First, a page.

The natural home of the Lord's Prayer is in connection with the church's Sacraments. Yes, it is proper for Christians to pray it as the catechism teaches upon rising in the morning and so forth. But when doing so it should remind us of our adoption in Christ at baptism which permits us to pray it. And we should recall the Body and Blood of Christ which this prayer sanctifies (uniquely) in Lutheran liturgy, and to which it is closely connected.
How is the Lord's Prayer Eucharistic? Consider the content.
Our Father … The Lord's Prayer is first of all not the prayer of any individual Christian, but the corporate prayer of two parties: of Christ and of his Bride the church. They comprise the "our."
Hallowed be thy name … Hallowed is the language of worship, which in the Christian faith is always liturgical. There is no higher praise of God's name on earth than to hallow God's name by believing and receiving the promises of God in Christ in faith. In the Eucharist "every tongue literally confesses that Jesus Christ is Lord, to the glory of God the Father." Philippians 2:11. And the church's Eucharist liturgy is the place we supremely "confess with the mouth." Romans 10
Thy kingdom come … In this Sacrament the rule of God, by the Lordship of Christ, is in perfect evidence among the redeemed. For here the remission of sins, life and salvation are given to God's people. The kingdom is not a geographical locale but consists, rather, of being a child of God, by baptismal and now Eucharistic connection to Jesus and thus to the Father. Here the words of St. John make most perfect sense: In that day you will know that I am in my Father, and you in me, and I in you. Jn. 14:20. Cf also 17:23 et. al.
Thy will be done on earth as it is in heaven … We know that doubt is the first human response to the promise "this is my body." This is made clear in Saint John chapter six and by two thousand years of theological war in respect to the Sacrament. Here the church prays that the will of God, which is to feed us to full satisfaction with the Bread of Life, the flesh and blood of Christ, would be done against all that might militate against it, be it the devil, false Christians, or "Dame Reason" herself.
Give us this day our daily bread … Without taking away from Luther's catechism, to have this petition refer only to the necessities of this life leaves much to be desired. In it we do pray for all that the catechism states, but for much more as well.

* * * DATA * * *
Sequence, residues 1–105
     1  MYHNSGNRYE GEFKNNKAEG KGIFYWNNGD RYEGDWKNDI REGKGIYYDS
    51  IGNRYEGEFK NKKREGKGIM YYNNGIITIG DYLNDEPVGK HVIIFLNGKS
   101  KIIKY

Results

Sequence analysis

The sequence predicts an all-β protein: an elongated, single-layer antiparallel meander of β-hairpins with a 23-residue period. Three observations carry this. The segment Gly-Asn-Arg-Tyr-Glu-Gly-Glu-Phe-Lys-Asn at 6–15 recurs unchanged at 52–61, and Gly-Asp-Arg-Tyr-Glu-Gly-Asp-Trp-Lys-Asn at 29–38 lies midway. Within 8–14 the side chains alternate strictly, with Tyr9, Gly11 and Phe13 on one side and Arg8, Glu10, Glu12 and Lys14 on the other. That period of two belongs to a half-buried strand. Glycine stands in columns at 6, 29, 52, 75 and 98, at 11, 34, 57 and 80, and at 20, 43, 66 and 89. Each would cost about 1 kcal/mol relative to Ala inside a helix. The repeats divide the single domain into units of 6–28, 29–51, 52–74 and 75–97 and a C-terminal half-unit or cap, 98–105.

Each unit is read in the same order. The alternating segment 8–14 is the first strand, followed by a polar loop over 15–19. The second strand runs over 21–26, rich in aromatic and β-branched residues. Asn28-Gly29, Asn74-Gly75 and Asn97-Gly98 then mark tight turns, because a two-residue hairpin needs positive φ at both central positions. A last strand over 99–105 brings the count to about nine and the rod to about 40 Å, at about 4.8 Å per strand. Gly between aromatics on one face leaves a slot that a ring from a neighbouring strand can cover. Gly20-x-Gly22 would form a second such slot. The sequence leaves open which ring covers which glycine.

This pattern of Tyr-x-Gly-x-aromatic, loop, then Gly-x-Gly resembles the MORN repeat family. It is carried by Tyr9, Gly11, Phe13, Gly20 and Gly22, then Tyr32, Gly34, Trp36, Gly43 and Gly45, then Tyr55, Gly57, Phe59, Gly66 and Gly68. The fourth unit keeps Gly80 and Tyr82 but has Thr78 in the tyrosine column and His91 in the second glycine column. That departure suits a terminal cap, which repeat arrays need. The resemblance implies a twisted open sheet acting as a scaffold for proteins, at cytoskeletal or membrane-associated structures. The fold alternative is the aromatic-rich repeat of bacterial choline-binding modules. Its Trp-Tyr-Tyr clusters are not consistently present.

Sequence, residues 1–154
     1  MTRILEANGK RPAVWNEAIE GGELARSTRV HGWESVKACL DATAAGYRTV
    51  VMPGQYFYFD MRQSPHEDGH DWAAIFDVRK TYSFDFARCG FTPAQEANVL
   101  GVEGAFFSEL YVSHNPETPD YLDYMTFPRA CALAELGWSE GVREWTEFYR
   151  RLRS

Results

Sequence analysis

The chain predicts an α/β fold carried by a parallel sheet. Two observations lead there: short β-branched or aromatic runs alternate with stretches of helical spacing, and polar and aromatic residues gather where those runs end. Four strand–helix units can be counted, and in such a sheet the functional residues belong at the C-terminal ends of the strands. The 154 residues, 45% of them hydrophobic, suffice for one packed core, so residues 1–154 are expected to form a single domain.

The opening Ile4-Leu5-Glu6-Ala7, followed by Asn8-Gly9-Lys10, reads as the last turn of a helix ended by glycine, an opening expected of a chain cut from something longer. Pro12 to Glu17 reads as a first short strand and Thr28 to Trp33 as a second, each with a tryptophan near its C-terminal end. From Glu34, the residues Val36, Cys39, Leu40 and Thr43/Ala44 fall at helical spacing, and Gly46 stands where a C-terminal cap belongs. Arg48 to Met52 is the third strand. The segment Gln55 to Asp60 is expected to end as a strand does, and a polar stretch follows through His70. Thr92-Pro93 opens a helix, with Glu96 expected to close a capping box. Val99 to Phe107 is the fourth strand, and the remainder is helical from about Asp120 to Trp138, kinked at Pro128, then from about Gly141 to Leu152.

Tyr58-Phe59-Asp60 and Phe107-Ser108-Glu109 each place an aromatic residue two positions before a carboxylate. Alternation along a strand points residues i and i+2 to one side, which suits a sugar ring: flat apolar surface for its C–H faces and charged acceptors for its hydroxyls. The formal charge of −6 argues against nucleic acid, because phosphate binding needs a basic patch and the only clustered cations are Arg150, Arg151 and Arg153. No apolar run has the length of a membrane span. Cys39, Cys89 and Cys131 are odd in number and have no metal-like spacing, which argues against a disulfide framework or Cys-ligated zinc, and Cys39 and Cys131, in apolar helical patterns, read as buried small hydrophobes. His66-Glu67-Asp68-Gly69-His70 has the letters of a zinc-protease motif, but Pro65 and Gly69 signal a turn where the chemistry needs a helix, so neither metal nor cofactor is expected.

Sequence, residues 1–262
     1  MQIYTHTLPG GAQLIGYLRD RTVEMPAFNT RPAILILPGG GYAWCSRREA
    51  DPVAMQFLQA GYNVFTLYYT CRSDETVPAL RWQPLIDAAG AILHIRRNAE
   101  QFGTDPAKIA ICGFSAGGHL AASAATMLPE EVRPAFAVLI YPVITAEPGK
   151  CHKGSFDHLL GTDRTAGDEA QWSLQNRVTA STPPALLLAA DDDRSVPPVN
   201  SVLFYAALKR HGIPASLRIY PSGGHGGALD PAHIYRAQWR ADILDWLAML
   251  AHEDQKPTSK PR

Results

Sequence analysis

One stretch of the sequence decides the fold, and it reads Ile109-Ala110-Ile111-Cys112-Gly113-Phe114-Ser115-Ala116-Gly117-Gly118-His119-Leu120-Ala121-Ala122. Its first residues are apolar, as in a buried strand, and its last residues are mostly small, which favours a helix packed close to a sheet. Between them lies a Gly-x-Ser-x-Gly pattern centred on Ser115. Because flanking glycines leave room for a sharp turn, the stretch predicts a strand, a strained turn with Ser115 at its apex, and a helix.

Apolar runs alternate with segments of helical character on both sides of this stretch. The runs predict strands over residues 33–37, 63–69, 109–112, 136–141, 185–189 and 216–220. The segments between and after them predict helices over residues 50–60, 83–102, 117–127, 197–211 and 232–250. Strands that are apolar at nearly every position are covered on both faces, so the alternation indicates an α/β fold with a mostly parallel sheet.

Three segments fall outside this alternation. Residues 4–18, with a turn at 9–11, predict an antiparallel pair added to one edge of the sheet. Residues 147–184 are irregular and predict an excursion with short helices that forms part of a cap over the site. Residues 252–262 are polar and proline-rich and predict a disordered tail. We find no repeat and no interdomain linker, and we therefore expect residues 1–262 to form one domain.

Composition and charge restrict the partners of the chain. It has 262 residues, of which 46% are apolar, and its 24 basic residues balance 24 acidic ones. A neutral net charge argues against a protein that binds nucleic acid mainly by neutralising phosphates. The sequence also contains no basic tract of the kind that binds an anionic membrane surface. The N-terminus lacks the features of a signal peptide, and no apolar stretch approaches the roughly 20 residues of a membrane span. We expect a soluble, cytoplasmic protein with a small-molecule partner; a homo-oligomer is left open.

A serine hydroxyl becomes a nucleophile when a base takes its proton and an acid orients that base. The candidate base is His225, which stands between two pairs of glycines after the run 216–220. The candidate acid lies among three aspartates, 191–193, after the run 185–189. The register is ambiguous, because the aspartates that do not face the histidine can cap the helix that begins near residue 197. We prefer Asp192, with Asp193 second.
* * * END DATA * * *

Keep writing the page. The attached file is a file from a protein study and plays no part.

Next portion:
The word "epiousion" / "daily" can mean different things in the Greek. It can mean the bread that we need "for this day," i.e. "daily bread." But it can just as well mean "tomorrow's" bread, in which case we would be praying in keeping with the gift about to be received. That is, give us tomorrow's bread today. Heaven's banquet on earth. And that is what we receive in the Sacrament, Bread from the Messianic Banquet Table. The Bread of Angels. Food from the Marriage Feast of the Lamb that is in constant session before the throne of God and of the Lamb. Here we become participants with angels and archangels and with all the company of heaven. Here we have fellowship with our loved ones who have fallen asleep in the Lord.
And forgive us our trespasses as we forgive those who trespass against us … This petition is not the quid pro quo that most people take it to be. We need not fear it, or resort to circular logic, as I believe Luther did, in order to maintain the doctrine of justification by faith. From the beginning forgiving one another for offenses committed was an essential feature of the Sacrament. Those who would not forgive were barred from participation, barred from joining "to soma tou christou" in the Eucharistic fellowship, and thus barred from the remission that the Sacrament imparts.
And lead us not into temptation … God tempts no one. This we know from Scripture and the catechism. But "temptation" is the wrong English word to use here. The petition is that God would not lead us into "hard testing," so hard that we might fail in our faith, and Satan get his wish to sift us like wheat. It is the sincere prayer of every Christian, a prayer that is answered in the Eucharist! Answered by the fortification and the grace of God that we receive here, in the Sacrament when the life-giving flesh and blood of Jesus, touch our sinful and dying flesh, and infuse it with Christ's own life. Here the promise of Romans 8:11 comes true, "If the Spirit of him who raised Jesus from the dead dwells in you (and he does by baptism), he who raised Christ Jesus from the dead will also give life to your mortal bodies through his Spirit who dwells in you." We should also consider the Eucharist our best defender against the countless trials, troubles and temptations of life. Is this something we really want to limit to once or twice a month?
But deliver us from evil … Jesus delivered himself into evil in order to deliver us from evil, and the Sacrament is heaven's ultimate liberation operation. It is the remission of sins, life, salvation, Christian joy, consolation, endurance and strength. What is prayed here is answered here.
To review then, the natural home of the Lord's Prayer is in connection with the Lord's Supper. This is the way Christians have utilized it from the beginning and these things always go together: the Lord's People, the Lord's Day, the Lord's Prayer and the Lord's Supper, Jesus is that Lord!
1 Timothy 2:1ff First of all, then, I urge that supplications, prayers, intercessions, and thanksgivings be made for all people, 2 for kings and all who are in high positions, that we may lead a peaceful and quiet life, godly and dignified in every way. 3 This is good, and it is pleasing in the sight of God our Savior … 8 I desire then that in every place the men should pray, lifting holy hands without anger or quarreling; 9 likewise also that women should adorn themselves in respectable apparel, with modesty and self-control, not with braided hair and gold or pearls or costly attire, 10 but with what is proper for women who profess godliness--with good works.